A virtual haunting from the Catch the Keys Productions for a Covid-19 Hallowe’en

review by Talicia Dutchin

Answer the phone, says the text on my computer screen, bright against the pitch black of my living room. My phone starts ringing. I answer it.

“Hello, my sweet Talicia. Is that you? Are you there?”


“Good, good. I’m so glad I was able to reach you. I’ve missed you. Have you missed me?”

The voice coming through my speaker is low and smooth, like he’s trying to be charming. It almost seems taunting. It makes me feel uneasy.

“No,” I tell him. He laughs, like someone who thinks they’re going to get their way whether or not I play along.

I’m a big fan of immersive and interactive theatre and have been to several such performances over the years. I like the feeling that you get when you become a part of the story, when you influence how it might turn out or make choices that determine what you will discover. Sometimes you’ll get the whole story (well, from one perspective anyway), and other times you may only get fragments of everyone’s stories. This is the first online interactive theatre performance I’ve attended, though, and it didn’t disappoint.

This is the idea behind Curio Shoppe, a self-described “interactive nightmare, experienced online and from the discomfort of your own home”. If you’ve ever been to Dead Centre of Town at Fort Edmonton Park, then you have a bit of an idea what to expect here. Curio Shoppe is the newest production from the brilliant minds of sisters Megan and Beth Dart, of Catch the Keys Productions.

In this all new format of immersive theatre, they do what they’ve done best for the last 12 years with Dead Centre of Town: brought to life the violent, strange, disturbing, and all true local history that Edmonton has to offer.

This time it’s with a little more of a twist than usual since you’re taking part by yourself, at home. One-part horror to more-parts history, this isn’t meant to be like a haunted house with cheap jump scares—but don’t quote me on that. If you get chills, it’s because what you’re experiencing was based on something real.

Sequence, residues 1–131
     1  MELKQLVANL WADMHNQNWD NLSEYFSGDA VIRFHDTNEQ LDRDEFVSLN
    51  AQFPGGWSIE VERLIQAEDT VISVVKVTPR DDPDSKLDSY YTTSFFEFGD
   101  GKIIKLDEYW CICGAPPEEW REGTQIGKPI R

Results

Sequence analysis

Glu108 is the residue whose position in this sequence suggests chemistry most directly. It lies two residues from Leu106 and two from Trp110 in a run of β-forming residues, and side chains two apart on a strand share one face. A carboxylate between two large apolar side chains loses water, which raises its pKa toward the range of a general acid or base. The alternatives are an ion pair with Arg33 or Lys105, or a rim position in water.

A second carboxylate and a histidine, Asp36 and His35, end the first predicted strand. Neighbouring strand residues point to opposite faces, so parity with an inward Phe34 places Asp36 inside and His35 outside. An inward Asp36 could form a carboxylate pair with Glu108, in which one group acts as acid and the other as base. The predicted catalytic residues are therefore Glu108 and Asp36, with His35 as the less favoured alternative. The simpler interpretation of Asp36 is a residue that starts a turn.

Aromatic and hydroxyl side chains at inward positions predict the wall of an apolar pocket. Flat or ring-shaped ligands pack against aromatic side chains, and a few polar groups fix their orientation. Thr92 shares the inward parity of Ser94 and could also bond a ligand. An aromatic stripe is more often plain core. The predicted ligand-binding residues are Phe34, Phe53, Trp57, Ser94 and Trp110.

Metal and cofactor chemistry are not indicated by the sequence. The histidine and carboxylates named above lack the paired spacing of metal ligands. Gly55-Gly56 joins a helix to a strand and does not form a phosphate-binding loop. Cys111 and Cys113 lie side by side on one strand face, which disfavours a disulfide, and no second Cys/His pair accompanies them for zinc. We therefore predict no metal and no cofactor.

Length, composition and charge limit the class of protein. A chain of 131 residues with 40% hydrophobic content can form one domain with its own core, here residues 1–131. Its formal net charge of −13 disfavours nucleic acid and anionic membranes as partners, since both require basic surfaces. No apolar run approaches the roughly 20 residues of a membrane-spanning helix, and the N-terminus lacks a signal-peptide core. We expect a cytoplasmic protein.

To attend Curio Shoppe, you need both a working computer and cell phone, and a willingness to engage with the story and suspend your disbelief. When buying your ticket, you are asked to give your phone number and e-mail, acknowledging that when the time comes, this will play a role in the interactive nature of the experience. Who knows, you might receive a call, or a text, or an e-mail that you will have to answer. After all, when you’re attending an online performance, how else will you get to interact in real-time with it? Other than that, you get to pick where you want to go and enjoy the horror you encounter.

The story builds on a selection of items in an antiquated shop with an eccentric shopkeeper who helps guide you on your way. You’re asked to decide whose story you want to follow, by choosing one of four items.

At least, that’s what I’m pretty sure you’re supposed to do. I had a technical error with my laptop in full-screen mode, and it didn’t display the items for me to choose from. While disappointing, it’s not the end of the world, because the production will make choices for you if you’re not fast enough.

I didn’t end up with the letters that I had wanted to choose, and I’m not entirely sure what it chose for me – a hammer, I think. That’s okay though because there aren’t any wrong choices, only different ones. Every story is going to lead you to its inevitable, probably grim, conclusion after all. The getting there is the interesting part.

The whole event is a mix of pre-recorded performances, digital media that you get to interact with and make choices based on, and the real-time live portion(s) where you become part of the show. I don’t want to give anything away, but rest assured that as the story reveals itself with each choice you make, it’s sure to be equally stunning and horrifying.

The performances for my story were very minimal, with no elaborate sets or props, just the actors being the absolute centres of attention. They were striking – each wonderfully lit to be ghastly and give off a sense of macabre decay.

Morgan Yamada as Marie, in Curio Shoppe, Catch The Keys Productions. Photo by Marc J Chalifoux © Marc J Chalifoux Photography

Being online has given the production room to play around more with the visual elements, to find new ways to capture our attention. The figures on-screen flickered seamlessly and suddenly between solid and spectral, all their attention focused on me as they gave me their stories, and warnings. It very much felt like Curio Shoppe was delivering on its promise that you’ll haunt your own house.

You have until October 31 to get tickets and make your own choices. And remember, everything comes with a price. Are you willing to pay it?

Curio Shoppe
Catch the Keys Productions
Until October 31, 2020

Tickets $35+tax on Eventbrite